I’m sure you’ve heard of the concept that you should throw rocks at your characters, but what sort of rocks? How badly should you hurt them? Can you ever do too much damage? What if the idea of destroying your hero’s life makes you nauseous and guilty?
First, let’s look at why it’s important to put characters, especially protagonists, through pain. If you think about it, most people read fiction for escapism, so don’t most of us want to escape uncomfortable and hurtful circumstances? Wouldn’t we want to avoid reading about heartache?
The simple truth is that happy people are boring in fiction. There’s something within our human makeup that, for all we want happiness, is captivated by struggle, conflict, and the journey. Perhaps its that part of us that deep down knows that if we had to struggle and fight for something, its value to us becomes much greater and we feel more satisfied upon achieving it. Plus, there’s also a part of us that feels relief that it isn’t us who suffers, but someone else. And then, there’s that deeply bred part that appreciates catharsis and the joy of seeing someone rise up against all odds and become something better. Isn’t there comfort in the idea that there’s a point to the pain, that something good comes from suffering and injustice?
Whatever the reasons we enjoy seeing characters struggle, conflict and hardship are essential parts of fiction. They create tension, and that tension propels a reader through a story. It gets readers emotionally invested, and hopefully at the end when they reach the satisfying conclusion, they’ve enjoyed the journey well enough to insist all their friends buy your book.
Further, content characters have little motivation to change anything in the story. They don’t act. They don’t make daring decisions that wind readers up with anticipation. They’re prone to being static, and that makes for a boring story too.
So now that we see the reasons characters need to suffer, let’s look at the how? Some of this depends on genre. Certain genres, like romance and humor, are less tolerant of extreme suffering than other genres such as speculative fiction, some contemporary, and historical. When you get into sub-genres, it gets even more complicated. Each reader comes to the reading experience with different tolerances and expectations regarding how much pain an author puts the protagonist through. Naturally, the best way to understand the threshold is to read in the genre you’re interested in writing in. Pay attention to how readers of that genre talk about the books and what’s popular. And understand that, while there are exceptions to every rule, an awareness of the pain threshold of your genre is still important.
From my own experience, I tend to enjoy seeing characters suffer a lot. I like to see people rise to greatness despite the most harrowing circumstances. I relish the opportunity to explore human experience through fiction. This is a big part of why I’m not well suited to primarily writing romance, though I have tried it. Being aware of your own preferences can help you narrow down what genres might be a good fit for you.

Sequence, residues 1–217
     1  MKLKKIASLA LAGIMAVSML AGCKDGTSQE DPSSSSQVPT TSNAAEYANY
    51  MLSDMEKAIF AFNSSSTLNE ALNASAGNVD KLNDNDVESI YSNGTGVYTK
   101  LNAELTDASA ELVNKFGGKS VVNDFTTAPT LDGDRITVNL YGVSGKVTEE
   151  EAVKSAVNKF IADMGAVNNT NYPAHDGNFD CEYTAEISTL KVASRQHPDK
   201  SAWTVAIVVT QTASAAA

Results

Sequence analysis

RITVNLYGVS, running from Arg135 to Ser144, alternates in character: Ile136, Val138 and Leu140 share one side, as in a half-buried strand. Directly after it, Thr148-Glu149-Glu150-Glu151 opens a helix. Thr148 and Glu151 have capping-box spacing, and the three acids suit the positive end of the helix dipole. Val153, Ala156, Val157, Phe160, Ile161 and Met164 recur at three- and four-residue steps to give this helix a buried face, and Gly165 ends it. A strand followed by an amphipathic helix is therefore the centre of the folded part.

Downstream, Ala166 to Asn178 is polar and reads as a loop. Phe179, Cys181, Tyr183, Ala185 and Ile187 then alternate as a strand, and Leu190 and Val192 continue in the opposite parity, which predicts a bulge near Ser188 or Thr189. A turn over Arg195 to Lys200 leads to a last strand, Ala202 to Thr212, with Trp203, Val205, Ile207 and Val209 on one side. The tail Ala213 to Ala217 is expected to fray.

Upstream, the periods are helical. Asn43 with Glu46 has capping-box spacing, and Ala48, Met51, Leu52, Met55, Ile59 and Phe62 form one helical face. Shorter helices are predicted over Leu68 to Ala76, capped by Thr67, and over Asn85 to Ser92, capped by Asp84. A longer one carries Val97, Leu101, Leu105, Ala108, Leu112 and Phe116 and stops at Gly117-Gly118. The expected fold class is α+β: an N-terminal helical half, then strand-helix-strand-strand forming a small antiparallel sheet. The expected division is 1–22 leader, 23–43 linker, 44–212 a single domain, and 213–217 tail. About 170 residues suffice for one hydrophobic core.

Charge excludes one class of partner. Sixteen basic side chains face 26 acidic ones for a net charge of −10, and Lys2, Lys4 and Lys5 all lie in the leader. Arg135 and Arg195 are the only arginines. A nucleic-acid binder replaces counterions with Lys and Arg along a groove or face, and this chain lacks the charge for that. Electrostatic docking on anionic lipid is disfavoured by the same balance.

Now that you’ve figured out the size and frequency of the rocks to throw--pebbles, boulders, or asteroids--how do you go about it? How do you make it personal, believable, and satisfying to readers?
Start by figuring out what is most important to your characters. What motivates them? What do they fear? What do they secretly hope for deep down? What do they never want to experience? Dig deeply, uncovering layer by layer until you find out things about them that you never knew. When that happens, you have the sorts of struggle to put them through. Make your characters face their fears. Take away what matters most to them. If they have an advantage, find a way or time to remove it. Dangle their dreams before their eyes, then yank them away.
Then ask yourself two questions. First, what events and pressures would force my character to grow and change? Put him through such struggles. And finally, what would push this character to do, say, and think things he never thought himself possible of doing, saying, and thinking? When you do this, you force your character to push through personal boundaries, reveal deeper layers to the reader, and provide a more dynamic story. All the while, of course, keep in mind your genre’s tolerances.
But what if you’re uncomfortable about the idea of hurting your characters? As someone who personally feels awful if I create offense or hurt someone’s feelings in real life, you might think that I’d cringe at the idea of making my characters suffer. In actuality, I love it. So you might surprise yourself if you give it a try. Besides, another way to look at this is that, by making your characters suffer, you increase the value of their eventual happiness and victory. You give them more opportunities to show what an incredible person they are. You can show that, even through hardship, people can make things better. And if nothing else, it’s your story. Give it a try and build slowly if you need to. You can always revise or start again.